please hear my defence and how
sorry and ashamed I am, won't
you ?' And then Jenny made her
penitent, little confession,.ending
with, 'I don't know gat you
think of me now ; but, indeed-'
'I think you the dearest, bravest
little girl in the world, and 'tis I
who am the fool,' cried the doctor,
ardently. And then-but then, I
don't know that outsiders lhke
you and I, reader, have any busi
ness to listen.
When Jenny got home she took
off the blue boots whieh had so
qarrowly cost her a lover, and
flung them under her wardrobe,
'Lie thee you blue wretc.hes
But you've taught me a good r
lesson. I've done with you. I'll "
buy my wedding boots before r
long, and they'll not be blue ones, r
Foi Toz HAitLD.
Many astronomers have held [
the opinion that Alcyone, the chief
star of the Pleiades, is the centre r
about which our solar system re
volves. Very curiously, an ex
traordinary importance seems also t
to be given this group of stars by r
many savage and semi-civilized
tribes, who have peculiar beliefs
concering it, apparently handed
down to them from antiquity.
Another prehistoric canoe has f
been discovered in the old bed of t
the Rhone, in France. It is about
38 feet long, three feet wide and
two feet deep. It was excavated i
from an oak 1:g, which was left in
its original form wiLh the excep
tion of the ends, which were
beveled so as to give a sharp prow
Numerous cases of fire from the
spontaneous ignition of coal have
been recorded. After considera
ble experimenting, Mr. W. M.
Williams has concluded that spon
taneous combustion takes place in
some degree in all cases where
coal is exposed to the atmosphere,
although the combustion may pro
ceed so slowly that the rise of
temperature will amount to only
a few degrees.
Granular vegetable. carbon, sat
urated with sulphuric acid, of
which it holds about seventy
times its own volume, is now
being tested as a destroyer of
phylloxera. Buried amongst roots,
it gradually gives off sulphurous
acid gas, and this being heavier
than air, not only permeates the
soil, but hangs about the sirflace
and aspbyxiates the phylloxera.
Prof. C. Bing la- announced the
discovery of sleep producing qual.
ities in ozone.
Icebergs are of.en of enormous
size, measuring miles in area and
many hundred feet in thicknes3.
Hayes saw one reaching an alti
tude of 315 feet above the sea, and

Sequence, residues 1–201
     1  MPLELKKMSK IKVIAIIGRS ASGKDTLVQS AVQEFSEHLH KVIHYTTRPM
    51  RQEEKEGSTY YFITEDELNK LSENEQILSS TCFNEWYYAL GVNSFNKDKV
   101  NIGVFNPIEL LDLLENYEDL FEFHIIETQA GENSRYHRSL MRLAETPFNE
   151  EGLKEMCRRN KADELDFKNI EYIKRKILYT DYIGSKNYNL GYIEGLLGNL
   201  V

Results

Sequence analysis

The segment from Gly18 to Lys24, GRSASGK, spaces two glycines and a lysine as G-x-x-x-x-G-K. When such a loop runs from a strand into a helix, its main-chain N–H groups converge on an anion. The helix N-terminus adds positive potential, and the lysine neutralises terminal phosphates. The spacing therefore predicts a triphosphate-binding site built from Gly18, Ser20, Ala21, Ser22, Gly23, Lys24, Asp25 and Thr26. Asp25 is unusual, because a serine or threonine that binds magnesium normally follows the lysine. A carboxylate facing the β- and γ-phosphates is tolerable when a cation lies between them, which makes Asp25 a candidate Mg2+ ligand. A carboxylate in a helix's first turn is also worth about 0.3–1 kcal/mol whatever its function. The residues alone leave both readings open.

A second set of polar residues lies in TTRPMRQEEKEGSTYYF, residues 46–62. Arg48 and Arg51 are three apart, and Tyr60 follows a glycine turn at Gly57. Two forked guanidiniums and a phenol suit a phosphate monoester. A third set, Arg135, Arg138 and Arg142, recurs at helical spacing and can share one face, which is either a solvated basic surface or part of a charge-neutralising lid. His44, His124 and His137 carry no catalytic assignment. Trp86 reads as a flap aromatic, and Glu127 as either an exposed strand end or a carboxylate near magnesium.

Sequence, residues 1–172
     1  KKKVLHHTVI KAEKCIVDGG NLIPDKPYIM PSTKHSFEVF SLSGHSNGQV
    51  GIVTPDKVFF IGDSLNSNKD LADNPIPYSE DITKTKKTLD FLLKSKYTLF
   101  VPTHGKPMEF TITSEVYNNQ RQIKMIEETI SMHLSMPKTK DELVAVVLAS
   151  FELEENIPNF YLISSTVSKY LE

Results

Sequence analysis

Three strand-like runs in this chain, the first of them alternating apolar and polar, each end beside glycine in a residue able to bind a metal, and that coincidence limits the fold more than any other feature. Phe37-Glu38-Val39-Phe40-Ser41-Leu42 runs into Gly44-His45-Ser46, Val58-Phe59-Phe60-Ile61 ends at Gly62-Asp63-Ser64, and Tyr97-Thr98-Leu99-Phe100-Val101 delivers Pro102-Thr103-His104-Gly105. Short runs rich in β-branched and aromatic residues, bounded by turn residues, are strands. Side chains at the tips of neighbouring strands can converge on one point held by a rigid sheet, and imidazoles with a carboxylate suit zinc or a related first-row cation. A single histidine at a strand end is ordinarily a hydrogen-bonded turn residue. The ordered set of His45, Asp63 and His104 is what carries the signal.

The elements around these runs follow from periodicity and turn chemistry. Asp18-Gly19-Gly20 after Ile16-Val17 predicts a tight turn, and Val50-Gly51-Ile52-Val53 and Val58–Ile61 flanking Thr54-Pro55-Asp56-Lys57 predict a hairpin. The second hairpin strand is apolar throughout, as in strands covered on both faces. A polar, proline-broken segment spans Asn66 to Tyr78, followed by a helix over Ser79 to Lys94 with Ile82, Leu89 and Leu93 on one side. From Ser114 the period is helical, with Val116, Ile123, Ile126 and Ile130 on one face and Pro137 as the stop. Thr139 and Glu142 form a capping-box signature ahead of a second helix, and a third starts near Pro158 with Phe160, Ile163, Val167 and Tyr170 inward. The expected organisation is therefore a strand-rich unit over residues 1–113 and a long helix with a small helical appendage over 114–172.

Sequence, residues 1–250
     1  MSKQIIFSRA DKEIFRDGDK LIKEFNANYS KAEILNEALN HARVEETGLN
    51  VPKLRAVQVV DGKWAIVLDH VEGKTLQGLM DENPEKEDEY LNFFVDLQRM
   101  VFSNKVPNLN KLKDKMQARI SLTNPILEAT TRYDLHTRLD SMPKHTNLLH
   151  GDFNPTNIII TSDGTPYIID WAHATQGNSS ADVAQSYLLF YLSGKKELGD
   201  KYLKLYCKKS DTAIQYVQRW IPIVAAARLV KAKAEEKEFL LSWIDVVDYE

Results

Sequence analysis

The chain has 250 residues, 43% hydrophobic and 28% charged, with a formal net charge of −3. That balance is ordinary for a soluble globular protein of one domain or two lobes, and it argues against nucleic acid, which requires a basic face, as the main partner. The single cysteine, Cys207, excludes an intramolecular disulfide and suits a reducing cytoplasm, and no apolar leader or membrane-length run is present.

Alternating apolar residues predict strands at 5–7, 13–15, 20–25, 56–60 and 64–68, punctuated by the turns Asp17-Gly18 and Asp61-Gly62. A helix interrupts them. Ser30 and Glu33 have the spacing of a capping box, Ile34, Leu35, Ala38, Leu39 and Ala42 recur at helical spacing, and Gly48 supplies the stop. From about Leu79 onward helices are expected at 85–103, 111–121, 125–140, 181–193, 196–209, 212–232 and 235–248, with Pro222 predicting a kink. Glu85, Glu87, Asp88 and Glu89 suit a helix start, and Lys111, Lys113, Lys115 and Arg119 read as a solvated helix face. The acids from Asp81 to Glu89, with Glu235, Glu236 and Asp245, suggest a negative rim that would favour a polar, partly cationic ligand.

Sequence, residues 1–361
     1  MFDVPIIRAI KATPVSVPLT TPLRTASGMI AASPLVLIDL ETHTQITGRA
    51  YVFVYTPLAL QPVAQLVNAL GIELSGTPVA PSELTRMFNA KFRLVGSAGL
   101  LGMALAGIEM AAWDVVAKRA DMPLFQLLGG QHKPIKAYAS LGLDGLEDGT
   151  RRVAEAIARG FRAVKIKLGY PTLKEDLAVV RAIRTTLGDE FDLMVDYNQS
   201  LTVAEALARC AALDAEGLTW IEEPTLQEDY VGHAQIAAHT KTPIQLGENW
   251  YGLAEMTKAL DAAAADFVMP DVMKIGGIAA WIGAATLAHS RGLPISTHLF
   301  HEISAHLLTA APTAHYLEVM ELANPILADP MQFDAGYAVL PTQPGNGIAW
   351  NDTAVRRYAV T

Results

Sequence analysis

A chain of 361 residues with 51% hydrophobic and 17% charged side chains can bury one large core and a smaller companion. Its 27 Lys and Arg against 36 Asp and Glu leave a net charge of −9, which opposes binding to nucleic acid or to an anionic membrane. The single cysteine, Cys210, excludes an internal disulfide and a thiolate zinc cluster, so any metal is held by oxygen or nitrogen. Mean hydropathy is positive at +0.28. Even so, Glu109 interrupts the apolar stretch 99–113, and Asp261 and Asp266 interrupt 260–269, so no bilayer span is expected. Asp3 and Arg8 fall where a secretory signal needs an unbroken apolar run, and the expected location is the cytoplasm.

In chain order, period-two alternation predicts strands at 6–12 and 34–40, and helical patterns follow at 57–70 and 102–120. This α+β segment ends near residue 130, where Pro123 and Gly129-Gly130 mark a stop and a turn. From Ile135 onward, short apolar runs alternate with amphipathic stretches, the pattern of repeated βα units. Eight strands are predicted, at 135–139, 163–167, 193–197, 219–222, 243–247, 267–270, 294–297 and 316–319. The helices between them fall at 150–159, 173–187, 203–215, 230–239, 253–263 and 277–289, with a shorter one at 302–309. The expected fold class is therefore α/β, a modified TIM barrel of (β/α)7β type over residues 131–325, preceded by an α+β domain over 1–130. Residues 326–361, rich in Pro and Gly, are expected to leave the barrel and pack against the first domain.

most of the Arctic explorers have
encountered bergs of 200 feet or
more in height. .Pyer has esti
mated that in an iceberg 200 feet
above the water a total height of
600 to 800 feet may, as a rule, be
inferred. An exception to this
rule must be the bergs Capt. Ross
saw aground in 1500 feet of water.
A mass of ice floating in the
Southern ocean is reported by
Capt. d'Urville to have been thir
teen miles long with vertical walls
100 feet hiyh.
In a recent address in justifica-.
tion of compulsory vaccination,
Dr. Wv. B. Carpenter, the eminent
British physiologist, presented
some interesting statistics show
ing the decrease of smnall-pox in
Great Britain with the adoption
of modern protective measures.
From 1660 to the commencement
of the present century the average
annual number of deaths from
small-pox was upwards of 4,000
for each million of inhabitants.
For the decade 1801-10 the year
ly small-pox mortality was 2,040
per million inhabitants: In 1831
-35 it had fallen to 830. In 1840
means for vaccination were po
vided by the government, and the
annual rate fell to 400 per million.
Then came compulsory vaccina
tion in 1853, and in the decade
1851-60 there were each year
but 278 deaths from small-pox in
each million inhabitants, in 1861
70 the number was 276. In 1871
80 the rate was greatly increased,
but the circumstances were so
decidedly exceptional that these
years can afford no basim' for an
argument against vaccination.
Archeological researches have
shown indisputably that tlie art
of weaving was practiced in pre
historic times. it may even date
back nearly to the creation of man,
as flagments of woven cloth have
been found among the relics of
the Lake Dwellers, who are sup
nnoard to have been about the first
epresentatives of the human race. I
[he Bronze Age'furnisbes speci
sens which place the art above
aost others in degree of perfec
ion, even fabrics of wool being
ound in the remains of Denmark,
,candinavia and England-tbe re
iains of France and Switzerland
,ielding liner fabrics. The oldest
istorical reference to the art of
veaving is furnished by the Bible.
ob lamented that hid days were
assing with the fleetness of a
veaver's shuttle; and Joseph was
ttired in "vestures of fine linen."
It is proposed by Mr. C. F. Mc
'lashan, editor of the Santa Bari
ara (Cal.) Press. to place moving
ailway trains in constant tele
,raphic communication with the
est of the world. In his method
train telegraph office -would be
:ept in electric connection with
n overhead wire by means of a
ruck running upon the latter and
arrying a short wire leading into
he car. Aside from its conven
ence to the traveling public, this
pplication of the electric tele
,raph would seem to furnish en
,ineers with a considerable safe
:uard against accidents.
Cases of poisoning by carbolic
Leid are - not infrequent. Two
lracbms is, according to Dr.
leichert, the minimum fatal dose
n record, and recovery rarely
ollows a dose of half an ounce.
rROUBLE IN & SILVERMINE.
BY BILL NYE.
A few nights ago a well organ
zed effort was made to jump the
Jen tennial mine, which came very
)car being a success. The parties
who undertook to jump the mine
were two Rocky Mountain pole
,ats with a bad record. Almost
is soon as they entered the tun
,el from the east the men in the
mine began to.be suspicious that